Only new games from the previous year are included in the ranking, so this year that’s games released since May 2018.  Thus anything new at Essen last year or the Spielwarenmesse (Nürnberg) this year, is eligible.  This includes Architects of the West Kingdom, Azul: Stained Glass of Sintra (the sequel to last year’s winner Azul), Dice Settlers, Endeavor: Age of Sail, Everdell, Key Flow, Newton, Reykholt, Solenia, and Teotihuacan: City of Gods, as well all the nominees and recommendations for the Spiel des Jahres award, like L.A.M.A., Wingspan and Carpe Diem.

Deutscher Spielepreis 2019
– Image from spiel-messe.com

Voting is open until 31st July and there are hundreds of free games and tickets for the International Gamedays at Essen to win.  It’s not necessary to submit a full list, so why not take the opportunity to vote for your favourite release of the year?

Spiel des Jahres Nominations 2019

Every year, in May, the nominees are announced for the most prestigious award in board gaming, the Spiel des Jahres.  There are typically three categories, the Kinderspiel (children’s game) , the Kennerspiel (“expert’s” game) and the most desirable of all, the family award, the Spiel des Jahres.  The nominees for this year’s award have been announced as:

Last year the group picked out the eventual winner, Azul, after playing it at Essen, but this year nobody really had much idea of what would be nominated.  While we enjoyed the sequel to Azul, Stained Glass of Sintra, we felt it was not in the same league as its predecessor.  This year the games generally seem to be light, almost party games.  Our personal favourite for the “Red Poppel” was probably Echidna Shuffle, but we knew that was unlikely to make the cut for other reasons.  Those who had played it felt that Teotihuacan: City of Gods was in with a shout for the Kennerspiel award, but in truth, that it was probably a little too complex.  Wingspan was the only game from this year’s nominees that the group had really picked up on, and is planned as a “Feature Game” for later in the year.

Usually the Kennerspiel Prize winners are a good fit to our group, but this year they are also largely unknown to us, so there is clearly a lot to discover before the winners are announced in Berlin on 22nd July (Kinderspiel des Jahres winners will be announced a month earlier in Hamburg on 24th June).

Spiel des Jahres
– Image from spieldesjahres.de

 

30th April 2019

For a while, it looked a lot like the “Feature Game”, Lewis & Clark , wasn’t going to happen – it’s a longer game and one that requires a specific type of gamer.  Of the usual candidates for this sort of game, Burgundy had given notice that he was feeling under the weather, so wouldn’t be coming; Blue was in attendance but was feeling a bit off-colour too; Black wasn’t in the mood for something heavy; Mulberry was recovering from jet-lag so needed an early night, and Green and Ivory hadn’t arrived by 8pm.  Inevitably though, we were just deciding what else to play when Green and Ivory turned up and looked keen to give Lewis & Clark a go.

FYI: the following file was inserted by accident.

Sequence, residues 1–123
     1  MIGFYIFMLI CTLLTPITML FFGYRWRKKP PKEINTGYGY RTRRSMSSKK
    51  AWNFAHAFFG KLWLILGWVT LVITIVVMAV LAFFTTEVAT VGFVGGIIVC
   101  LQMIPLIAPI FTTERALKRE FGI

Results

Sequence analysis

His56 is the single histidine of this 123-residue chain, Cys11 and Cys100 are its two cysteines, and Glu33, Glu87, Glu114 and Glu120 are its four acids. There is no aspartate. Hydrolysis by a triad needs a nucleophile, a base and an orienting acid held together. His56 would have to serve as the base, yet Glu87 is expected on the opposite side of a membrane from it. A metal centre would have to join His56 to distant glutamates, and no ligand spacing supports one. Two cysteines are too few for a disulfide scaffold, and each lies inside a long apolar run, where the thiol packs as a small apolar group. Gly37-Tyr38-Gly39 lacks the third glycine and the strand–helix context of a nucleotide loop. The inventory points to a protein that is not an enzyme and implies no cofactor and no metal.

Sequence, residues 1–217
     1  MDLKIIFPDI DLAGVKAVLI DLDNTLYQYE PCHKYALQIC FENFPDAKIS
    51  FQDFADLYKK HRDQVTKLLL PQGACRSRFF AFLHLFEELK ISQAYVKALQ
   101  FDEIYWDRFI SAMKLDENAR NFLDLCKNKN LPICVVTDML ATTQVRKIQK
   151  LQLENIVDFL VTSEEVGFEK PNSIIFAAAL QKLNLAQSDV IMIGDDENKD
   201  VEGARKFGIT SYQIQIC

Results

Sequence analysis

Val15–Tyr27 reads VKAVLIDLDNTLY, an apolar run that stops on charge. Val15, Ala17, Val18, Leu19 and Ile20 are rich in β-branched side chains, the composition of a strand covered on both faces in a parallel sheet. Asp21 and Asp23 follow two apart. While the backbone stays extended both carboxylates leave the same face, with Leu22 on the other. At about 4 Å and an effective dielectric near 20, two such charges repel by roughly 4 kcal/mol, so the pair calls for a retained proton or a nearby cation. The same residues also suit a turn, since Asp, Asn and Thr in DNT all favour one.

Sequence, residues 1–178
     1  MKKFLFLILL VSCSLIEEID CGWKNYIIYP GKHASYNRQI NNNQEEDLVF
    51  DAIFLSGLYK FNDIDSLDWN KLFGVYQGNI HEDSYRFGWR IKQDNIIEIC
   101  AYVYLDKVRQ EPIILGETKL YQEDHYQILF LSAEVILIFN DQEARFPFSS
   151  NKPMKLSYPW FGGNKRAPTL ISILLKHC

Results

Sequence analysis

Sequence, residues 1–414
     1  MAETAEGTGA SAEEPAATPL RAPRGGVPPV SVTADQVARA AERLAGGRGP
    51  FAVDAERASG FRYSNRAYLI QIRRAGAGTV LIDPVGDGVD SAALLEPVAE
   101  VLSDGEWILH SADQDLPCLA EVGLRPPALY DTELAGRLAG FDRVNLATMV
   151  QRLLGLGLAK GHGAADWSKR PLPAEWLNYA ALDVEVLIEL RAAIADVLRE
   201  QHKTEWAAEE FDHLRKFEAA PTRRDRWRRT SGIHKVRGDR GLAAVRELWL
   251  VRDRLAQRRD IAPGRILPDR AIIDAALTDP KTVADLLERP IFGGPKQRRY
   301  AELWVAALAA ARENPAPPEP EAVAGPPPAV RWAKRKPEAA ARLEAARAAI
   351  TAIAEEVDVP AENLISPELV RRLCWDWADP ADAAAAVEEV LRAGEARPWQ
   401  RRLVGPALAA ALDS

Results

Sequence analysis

Lewis & Clark
– Image by boardGOATS

With Blue joining them, that left Black, Purple, Mulberry and Pine (who was celebrating coming off his antibiotics again), to come up with something to play.  While everyone played musical chairs, suggested games and admired Blue’s shiny new copy of Roll for the Galaxy: Rivalry (freshly muled from the US by Mulberry), the foursome decided to play Azul: Stained Glass of Sintra.  This is the new implementation of last year’s Spiel des Jahres winner, Azul, which features the same market, but with glass pieces instead of ceramic tiles.

Azul: Stained Glass of Sintra
– Image by boardGOATS

The differences are more than cosmetic though – instead of placing their pieces in a row and moving them onto a grid, pieces are placed directly into the player’s window.  This is modular consisting of the double-sided strips laid out at random so everyone has a different starting setup.  There are restrictions on how the pieces can be placed though:  tiles must be placed in the strip immediately below their Glazier meeple, or in a strip to its right.  The Glazier is then placed above the strip the tiles were placed in,, so he gradually moves to the right. Instead of taking tiles, players can choose to reset the Glazier’s position, moving him back to the left most strip.

Azul: Stained Glass of Sintra
– Image by boardGOATS

Players get points when strips are completed scoring the sum of the score depicted below the strip and any strips to the right that have already been completed. There is also a colour bonus—each round has a colour drawn at random at the start of the game, and any tiles that match the colour for the round score extra. Once a strip has been completed, it is flipped over; after it has been filled a second time it is removed. Any left over tiles that cannot be placed are placed into the glass tower and yield a penalty with players moving along a negative score track which has small steps at the start that gets larger. When the market is empty the round ends and the round indicator tile is also dropped into the glass tower which is emptied when the .  There are also end-game bonus points with two variants available, one colour dependent and the other rewarding completing adjacent strips.

Azul: Stained Glass of Sintra
– Image by boardGOATS